Come, come, Mr. Bond, you derive as much pleasure from killing as I do.
In the annals of buddy road trip movies, none feature as many Wordsworth references, Michael Caine impressions or scallops as The Trip. Steve Coogan plays himself, or a version of himself, setting off for a week-long tour of northern England’s finest restaurants. His original companion, his girlfriend Mischa, has not only backed out — she’s gone to the States. Steve calls up his friend Rob Brydon, playing himself, or a version of himself, and — after making a point of telling his friend how many people he asked before settling on Rob — asks Rob to join him.
So begins The Trip, a meandering, hilarious expedition that’s surprisingly moving for a film in which not much happens. While the brooding Coogan and overbearing Brydon only occasionally amuse the other, their constant stream of impressions — which run the gamut from Al Pacino to Roger Moore to Stephen Hawking, and seem to comprise over half the movie — are a riot for the viewer. This game of seemingly meaningless one-upmanship works on two levels. For anyone who’s ever spent a week-long road trip with someone, this is exactly what the conversation devolves into: running gags, sophomoric humor and inside jokes that are bewildering to outside company (as when Coogan’s assistant Emma and a photographer join Steve and Rob for lunch).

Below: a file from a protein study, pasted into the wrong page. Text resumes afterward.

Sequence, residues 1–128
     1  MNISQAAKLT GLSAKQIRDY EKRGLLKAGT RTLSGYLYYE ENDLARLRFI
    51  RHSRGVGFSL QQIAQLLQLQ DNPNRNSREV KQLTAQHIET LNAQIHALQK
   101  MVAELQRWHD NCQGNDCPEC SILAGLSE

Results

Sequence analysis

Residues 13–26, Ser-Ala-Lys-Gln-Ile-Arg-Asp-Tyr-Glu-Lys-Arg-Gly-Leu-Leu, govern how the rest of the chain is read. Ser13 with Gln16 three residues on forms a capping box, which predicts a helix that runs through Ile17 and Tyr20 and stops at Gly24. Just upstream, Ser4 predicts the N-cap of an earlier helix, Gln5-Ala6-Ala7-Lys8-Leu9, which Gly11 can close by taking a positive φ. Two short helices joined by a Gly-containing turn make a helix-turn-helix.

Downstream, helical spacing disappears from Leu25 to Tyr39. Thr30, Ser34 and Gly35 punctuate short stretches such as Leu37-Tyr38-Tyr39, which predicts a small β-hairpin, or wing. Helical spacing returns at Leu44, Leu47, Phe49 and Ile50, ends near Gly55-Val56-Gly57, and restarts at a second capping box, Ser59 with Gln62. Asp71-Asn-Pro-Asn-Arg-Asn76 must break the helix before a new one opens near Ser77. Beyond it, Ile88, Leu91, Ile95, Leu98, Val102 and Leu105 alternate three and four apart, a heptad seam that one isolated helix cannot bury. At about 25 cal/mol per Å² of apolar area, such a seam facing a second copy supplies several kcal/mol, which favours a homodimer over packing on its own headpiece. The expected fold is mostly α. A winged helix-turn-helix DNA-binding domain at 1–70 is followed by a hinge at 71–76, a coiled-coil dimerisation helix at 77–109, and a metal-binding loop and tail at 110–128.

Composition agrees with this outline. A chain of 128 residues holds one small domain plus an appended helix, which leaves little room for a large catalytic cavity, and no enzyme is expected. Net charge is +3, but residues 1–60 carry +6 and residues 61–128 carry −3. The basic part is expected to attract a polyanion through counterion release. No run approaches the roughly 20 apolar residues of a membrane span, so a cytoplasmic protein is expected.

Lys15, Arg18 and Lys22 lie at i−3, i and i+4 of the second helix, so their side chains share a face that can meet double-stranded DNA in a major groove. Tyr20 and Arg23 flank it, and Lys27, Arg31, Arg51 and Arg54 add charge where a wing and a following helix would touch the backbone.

But the weight of the film, and its occasional wistful tone, come from the unspoken competition between Steve and Rob to convince the other of his own contentment. Whereas Steve is always calling his agent for reports on more artistic roles (he dreams that Ben Stiller tells him all of Hollywood’s “auteurs” want to work with him), Rob spends his nights calling his wife, doing a Hugh Grant impression in a mock attempt to arouse her. One is restless, bitter, searching; the other settled, happy, content.
Director Michael Winterbottom, adapting his TV series of the same name, gives both men a fair shake. The film is Coogan’s, but the last scenes we see are of him alone in his London apartment, while Brydon is sharing dinner with his wife, cozy in domestic warmth. The Trip also features gorgeous scenery, making England look like the Rocky Mountains.
It’s hard to pick our favorite scene, but if pressed, it’d be this one: